Hello Friends and Family,

Link to this year's index by clicking here.

Out of Africa, Part 4

Looking out on the north side of Out of Africa, one finds a marvelous view of the Arizona desert with modest-size mountains in the distance. Viewed from the air or from certain vantage points like this, the landscape looks like an ancient sea bottom. The reason is that some 100 million years ago, this area was covered by a shallow sea. And now this exact spot supports animals from Africa and other continents for our viewing pleasure.

Some quite tiny — there were so many butterflies that I had to share more photos of them.

So delicate, so ungainly when they fly. They originally evolved during the Cretaceous Era, approximately 145 million to 66 million years ago. Thus one has to conclude that their form and function have been quite successful — otherwise they would not be here today for me to photograph.

As I continued to stroll around the park, I encountered a petting area for the kids. There were the typical goats and sheep but also a couple of emus — large flightless birds from Australia.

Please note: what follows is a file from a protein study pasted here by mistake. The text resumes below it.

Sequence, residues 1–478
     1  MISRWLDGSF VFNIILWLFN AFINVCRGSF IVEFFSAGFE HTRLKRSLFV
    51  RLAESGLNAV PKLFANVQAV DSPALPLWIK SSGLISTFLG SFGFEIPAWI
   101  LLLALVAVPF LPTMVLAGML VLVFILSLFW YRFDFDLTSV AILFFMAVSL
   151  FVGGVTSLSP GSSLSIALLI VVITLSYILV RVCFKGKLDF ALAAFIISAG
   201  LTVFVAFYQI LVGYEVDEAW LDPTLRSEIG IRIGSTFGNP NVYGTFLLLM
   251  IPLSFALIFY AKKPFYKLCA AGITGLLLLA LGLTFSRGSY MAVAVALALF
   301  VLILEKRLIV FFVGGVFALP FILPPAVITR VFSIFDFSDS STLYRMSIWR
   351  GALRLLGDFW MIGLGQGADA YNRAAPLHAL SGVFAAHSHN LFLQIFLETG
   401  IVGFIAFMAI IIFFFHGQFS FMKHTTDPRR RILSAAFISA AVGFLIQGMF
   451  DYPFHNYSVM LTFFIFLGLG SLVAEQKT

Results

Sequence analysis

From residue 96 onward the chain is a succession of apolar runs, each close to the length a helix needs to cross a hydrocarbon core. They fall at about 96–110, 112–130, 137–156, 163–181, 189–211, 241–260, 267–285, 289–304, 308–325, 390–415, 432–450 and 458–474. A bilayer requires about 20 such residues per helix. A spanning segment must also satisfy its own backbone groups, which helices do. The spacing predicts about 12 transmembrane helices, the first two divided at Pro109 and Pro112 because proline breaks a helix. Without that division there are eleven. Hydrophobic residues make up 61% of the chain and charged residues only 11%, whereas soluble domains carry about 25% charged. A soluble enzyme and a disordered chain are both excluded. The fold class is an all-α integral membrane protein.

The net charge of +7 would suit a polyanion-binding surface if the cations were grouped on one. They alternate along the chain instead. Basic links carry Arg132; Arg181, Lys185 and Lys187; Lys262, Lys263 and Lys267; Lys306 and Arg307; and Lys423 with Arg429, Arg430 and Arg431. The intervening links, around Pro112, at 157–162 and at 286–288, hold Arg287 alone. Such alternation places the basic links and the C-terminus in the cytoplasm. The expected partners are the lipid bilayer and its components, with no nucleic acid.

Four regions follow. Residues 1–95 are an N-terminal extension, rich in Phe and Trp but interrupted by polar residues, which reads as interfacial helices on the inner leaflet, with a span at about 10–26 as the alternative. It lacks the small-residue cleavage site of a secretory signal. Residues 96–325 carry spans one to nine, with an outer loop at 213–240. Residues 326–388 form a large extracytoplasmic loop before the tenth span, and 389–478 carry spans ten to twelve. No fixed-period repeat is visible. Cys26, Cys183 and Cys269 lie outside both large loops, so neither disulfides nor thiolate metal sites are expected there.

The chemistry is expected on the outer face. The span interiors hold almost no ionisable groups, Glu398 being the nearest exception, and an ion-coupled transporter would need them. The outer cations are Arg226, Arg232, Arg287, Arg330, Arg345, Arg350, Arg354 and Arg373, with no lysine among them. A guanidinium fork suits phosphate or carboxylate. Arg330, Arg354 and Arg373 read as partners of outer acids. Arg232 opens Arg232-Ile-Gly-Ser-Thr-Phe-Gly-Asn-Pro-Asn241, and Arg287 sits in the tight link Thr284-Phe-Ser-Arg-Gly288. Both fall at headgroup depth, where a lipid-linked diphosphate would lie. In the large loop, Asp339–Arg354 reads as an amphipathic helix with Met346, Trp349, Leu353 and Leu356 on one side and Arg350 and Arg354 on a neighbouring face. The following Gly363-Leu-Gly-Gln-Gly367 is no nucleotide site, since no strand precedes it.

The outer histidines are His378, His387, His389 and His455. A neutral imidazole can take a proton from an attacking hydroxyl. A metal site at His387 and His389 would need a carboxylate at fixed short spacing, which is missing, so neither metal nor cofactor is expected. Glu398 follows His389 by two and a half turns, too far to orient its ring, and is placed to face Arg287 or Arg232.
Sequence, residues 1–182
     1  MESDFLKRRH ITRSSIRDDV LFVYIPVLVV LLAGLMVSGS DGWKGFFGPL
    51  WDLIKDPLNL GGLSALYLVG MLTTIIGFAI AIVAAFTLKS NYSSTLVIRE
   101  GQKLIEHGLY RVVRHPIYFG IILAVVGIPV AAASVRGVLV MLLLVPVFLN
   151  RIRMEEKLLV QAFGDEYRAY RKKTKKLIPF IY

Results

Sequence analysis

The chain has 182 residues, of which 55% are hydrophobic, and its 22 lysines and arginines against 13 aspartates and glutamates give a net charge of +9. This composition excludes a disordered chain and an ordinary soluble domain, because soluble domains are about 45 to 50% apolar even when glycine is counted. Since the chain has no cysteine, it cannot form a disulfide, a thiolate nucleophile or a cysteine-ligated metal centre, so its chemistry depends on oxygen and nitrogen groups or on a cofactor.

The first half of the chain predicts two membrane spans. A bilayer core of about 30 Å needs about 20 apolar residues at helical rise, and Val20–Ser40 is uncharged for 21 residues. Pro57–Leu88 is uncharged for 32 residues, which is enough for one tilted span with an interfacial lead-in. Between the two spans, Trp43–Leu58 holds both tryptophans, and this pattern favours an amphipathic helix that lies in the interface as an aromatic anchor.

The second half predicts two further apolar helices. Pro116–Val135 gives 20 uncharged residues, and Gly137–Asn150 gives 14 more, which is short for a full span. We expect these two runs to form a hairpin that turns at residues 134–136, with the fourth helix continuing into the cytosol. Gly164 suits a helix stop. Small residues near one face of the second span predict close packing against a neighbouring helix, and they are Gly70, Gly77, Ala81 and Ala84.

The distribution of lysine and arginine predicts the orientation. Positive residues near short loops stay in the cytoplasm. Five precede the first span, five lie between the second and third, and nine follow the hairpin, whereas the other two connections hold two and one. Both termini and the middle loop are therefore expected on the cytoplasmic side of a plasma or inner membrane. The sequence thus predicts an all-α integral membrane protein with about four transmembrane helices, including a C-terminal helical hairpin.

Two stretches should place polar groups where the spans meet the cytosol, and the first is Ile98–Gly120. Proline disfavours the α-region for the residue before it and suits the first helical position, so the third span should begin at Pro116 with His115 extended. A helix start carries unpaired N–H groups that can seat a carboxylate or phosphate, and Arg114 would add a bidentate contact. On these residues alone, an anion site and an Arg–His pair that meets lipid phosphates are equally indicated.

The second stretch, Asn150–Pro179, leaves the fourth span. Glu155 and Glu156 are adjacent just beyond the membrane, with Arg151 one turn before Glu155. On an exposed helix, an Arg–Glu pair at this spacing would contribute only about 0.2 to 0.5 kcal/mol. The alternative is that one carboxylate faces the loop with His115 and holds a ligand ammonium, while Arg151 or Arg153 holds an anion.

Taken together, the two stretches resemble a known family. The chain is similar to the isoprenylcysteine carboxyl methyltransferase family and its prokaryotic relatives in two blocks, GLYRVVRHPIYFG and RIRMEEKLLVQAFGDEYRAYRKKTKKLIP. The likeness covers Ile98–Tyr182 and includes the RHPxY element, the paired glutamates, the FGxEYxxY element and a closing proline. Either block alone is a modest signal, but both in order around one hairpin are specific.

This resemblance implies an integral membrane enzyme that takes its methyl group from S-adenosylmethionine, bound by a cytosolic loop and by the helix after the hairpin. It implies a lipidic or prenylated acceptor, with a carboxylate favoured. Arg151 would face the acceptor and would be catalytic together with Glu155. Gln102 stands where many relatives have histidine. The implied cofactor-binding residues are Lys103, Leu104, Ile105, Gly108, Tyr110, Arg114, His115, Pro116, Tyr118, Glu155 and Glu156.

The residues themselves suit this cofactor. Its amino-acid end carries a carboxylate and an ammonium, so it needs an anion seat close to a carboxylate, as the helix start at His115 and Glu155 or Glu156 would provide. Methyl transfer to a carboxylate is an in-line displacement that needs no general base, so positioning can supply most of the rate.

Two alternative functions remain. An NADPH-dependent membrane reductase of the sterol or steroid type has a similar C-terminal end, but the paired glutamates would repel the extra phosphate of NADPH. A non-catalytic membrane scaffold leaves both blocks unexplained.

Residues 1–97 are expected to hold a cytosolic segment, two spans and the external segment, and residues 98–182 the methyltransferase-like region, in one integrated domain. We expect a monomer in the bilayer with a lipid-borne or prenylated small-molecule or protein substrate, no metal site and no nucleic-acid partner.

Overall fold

Here is the answer to a trivia question — "What is the largest rodent in the world?" Answer: Capybara. Native to South America, they inhabit savannas and dense forests and live near bodies of water. It is a highly social species and can be found in groups as large as 100 individuals, but usually lives in groups of 10–20 individuals. The capybara is not a threatened species, though it is hunted for its meat and skin.

In the next enclosure was a small pack of wolves. Commonly found in North America, they also inhabit the wilderness and remote areas of North Africa. This individual was enjoying its midday nap — arousing only long enough to smile for the camera.

On a hill overlooking the Serengeti was a lioness checking out where her next meal might come from.

Just down the hill was a small pack of some type of mountain antelope. I suspect the lioness would have found a tasty dinner here — if it were not for the sturdy chain link fencing separating the two species.

Looking out in the distance is the area that the park calls the Serengeti. Look closely and you can see the safari bus on the right side of the photo plus an antelope which the tour has stopped to feed and view.

Peering into the Serengeti through 300 mm one can spot a water buffalo...

...and a couple of young antelope...

...and another giraffe — ironically ending our tour of Out of Africa with the same species we began. I hope you enjoyed our trip.


Life is good.

B. David

P. S., All photos and text © B. David Cathell Photography, Inc. — www.bdavidcathell.com